Life insurance lawyers will see many reasons for denial of life insurance benefits. Occasionally, one of the reasons is that the policy had not become effective at the time of death.
Most policies state the “effective date” of coverage. This date may be earlier than, or later than, the date the first premium is paid or the dates the policy is issued or delivered. Often, a policy may have an effective date, an issue date, and a policy date, and may all be different, causing confusion or misunderstanding. If the dates differ, disputes may arise over when the policy actually took effect or terminated. The effective date can be important in setting the due date for subsequent premiums and thus the date of any lapse or failure to pay a premium.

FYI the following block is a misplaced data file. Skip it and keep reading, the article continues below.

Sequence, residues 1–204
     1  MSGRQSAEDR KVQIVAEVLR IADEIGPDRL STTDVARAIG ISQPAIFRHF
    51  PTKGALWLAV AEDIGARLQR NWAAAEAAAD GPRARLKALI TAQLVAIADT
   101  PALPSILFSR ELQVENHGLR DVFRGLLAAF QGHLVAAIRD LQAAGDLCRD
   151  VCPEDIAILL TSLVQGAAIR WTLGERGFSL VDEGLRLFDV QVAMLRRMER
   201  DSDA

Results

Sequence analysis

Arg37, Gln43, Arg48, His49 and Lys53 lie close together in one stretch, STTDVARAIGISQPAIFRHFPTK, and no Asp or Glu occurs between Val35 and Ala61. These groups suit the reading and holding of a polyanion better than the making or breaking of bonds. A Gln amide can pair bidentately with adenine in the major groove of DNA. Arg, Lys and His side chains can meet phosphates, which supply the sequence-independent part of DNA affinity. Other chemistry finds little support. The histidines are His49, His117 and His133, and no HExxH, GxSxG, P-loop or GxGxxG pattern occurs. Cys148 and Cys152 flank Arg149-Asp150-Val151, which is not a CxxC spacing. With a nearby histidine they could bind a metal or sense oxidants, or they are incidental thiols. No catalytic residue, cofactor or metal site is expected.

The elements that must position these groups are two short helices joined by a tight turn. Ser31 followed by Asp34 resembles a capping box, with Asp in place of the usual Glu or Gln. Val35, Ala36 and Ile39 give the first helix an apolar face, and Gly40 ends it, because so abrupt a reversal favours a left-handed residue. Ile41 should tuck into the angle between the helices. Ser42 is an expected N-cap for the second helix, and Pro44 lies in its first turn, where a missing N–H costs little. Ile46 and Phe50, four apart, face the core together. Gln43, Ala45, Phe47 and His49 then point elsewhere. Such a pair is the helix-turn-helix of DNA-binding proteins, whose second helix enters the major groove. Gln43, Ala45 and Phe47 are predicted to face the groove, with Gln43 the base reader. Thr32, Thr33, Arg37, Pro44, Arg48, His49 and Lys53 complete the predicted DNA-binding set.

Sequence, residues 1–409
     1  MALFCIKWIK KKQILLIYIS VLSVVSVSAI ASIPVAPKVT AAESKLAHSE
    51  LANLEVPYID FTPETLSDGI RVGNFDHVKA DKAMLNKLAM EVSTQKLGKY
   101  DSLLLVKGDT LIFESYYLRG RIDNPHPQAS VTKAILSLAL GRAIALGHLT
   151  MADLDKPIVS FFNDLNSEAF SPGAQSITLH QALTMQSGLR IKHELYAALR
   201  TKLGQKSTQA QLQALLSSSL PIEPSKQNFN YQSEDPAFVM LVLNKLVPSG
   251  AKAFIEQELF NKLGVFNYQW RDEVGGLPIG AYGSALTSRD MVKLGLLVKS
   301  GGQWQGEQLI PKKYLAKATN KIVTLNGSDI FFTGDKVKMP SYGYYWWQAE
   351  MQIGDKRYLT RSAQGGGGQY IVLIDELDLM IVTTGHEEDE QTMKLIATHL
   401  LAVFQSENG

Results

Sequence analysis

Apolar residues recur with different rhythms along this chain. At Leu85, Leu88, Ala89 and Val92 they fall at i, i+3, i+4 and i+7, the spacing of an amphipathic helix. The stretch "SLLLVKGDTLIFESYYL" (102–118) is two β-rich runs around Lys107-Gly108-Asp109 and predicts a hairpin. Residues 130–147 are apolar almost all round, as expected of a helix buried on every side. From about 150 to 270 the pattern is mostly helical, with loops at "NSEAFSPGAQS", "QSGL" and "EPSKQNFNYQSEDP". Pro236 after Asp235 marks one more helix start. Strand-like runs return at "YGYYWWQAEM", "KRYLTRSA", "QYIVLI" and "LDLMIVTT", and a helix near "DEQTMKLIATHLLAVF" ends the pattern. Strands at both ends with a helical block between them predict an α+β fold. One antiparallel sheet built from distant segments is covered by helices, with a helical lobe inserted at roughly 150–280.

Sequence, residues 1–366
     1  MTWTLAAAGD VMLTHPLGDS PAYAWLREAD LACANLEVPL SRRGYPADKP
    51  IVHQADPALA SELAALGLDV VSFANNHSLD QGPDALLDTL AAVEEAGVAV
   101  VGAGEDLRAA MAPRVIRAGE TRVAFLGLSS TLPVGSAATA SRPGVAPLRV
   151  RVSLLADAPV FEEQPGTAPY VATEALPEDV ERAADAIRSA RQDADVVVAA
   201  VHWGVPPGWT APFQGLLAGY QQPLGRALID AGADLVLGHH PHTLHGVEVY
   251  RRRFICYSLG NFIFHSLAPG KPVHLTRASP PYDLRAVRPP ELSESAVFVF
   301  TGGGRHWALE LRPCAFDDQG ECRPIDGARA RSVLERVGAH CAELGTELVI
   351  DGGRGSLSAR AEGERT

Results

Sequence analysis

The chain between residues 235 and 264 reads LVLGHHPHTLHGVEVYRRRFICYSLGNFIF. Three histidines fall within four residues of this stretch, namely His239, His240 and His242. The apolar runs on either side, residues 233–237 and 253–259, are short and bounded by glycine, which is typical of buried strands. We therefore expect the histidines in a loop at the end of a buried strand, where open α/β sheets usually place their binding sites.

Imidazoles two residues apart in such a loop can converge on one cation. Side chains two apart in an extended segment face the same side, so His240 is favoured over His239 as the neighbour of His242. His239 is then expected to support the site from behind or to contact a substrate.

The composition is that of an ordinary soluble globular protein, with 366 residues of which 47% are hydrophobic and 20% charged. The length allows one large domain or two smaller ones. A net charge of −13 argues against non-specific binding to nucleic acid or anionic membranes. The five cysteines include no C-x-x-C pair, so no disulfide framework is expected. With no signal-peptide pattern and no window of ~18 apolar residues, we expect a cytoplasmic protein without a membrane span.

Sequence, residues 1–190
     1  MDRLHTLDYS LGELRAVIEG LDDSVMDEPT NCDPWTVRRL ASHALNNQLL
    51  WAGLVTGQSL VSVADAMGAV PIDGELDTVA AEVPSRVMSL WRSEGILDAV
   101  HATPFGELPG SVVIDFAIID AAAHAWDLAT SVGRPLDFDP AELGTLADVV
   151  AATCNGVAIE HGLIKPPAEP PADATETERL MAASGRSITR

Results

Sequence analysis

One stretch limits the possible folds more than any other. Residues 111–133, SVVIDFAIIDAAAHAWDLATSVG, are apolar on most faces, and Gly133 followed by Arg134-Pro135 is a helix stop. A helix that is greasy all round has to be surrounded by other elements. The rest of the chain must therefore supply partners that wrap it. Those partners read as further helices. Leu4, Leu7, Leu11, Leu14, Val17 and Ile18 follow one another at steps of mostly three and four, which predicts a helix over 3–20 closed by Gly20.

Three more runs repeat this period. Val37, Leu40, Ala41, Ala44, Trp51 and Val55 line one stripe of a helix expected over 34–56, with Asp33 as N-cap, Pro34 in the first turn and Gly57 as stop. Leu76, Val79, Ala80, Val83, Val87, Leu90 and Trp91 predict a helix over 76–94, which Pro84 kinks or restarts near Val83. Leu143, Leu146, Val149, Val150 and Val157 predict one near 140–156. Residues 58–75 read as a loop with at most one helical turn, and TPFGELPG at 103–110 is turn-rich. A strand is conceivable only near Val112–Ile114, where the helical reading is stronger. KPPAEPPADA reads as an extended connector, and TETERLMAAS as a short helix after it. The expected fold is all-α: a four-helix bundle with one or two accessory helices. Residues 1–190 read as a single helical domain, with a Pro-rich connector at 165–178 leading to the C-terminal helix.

The 1980, Texas Supreme Court opinion styled, Life Insurance Company of the Southwest v. Overstreet illustrates how confusion can sometimes create problems for the beneficiary. In Overstreet, a policy provided that its effective date was March 15th and each annual premium was due on the anniversary of that date. The insured did not pay his first premium until April 18th. Two years later, the insured died while his premium was due. If the effective date was measured from March 15th, he dies outside the grace period and had no coverage. If measured from April 18th, he died within the grace period, and within coverage. The Texas Supreme Court held there was no coverage, following the majority rule that “a definite statement in the policy of the date on which annual premiums will be due is the due date. Such a statement of the due date controls even over a provision stating that a policy will not be in force until it is initially delivered and the first premium is paid during the good health of the insured.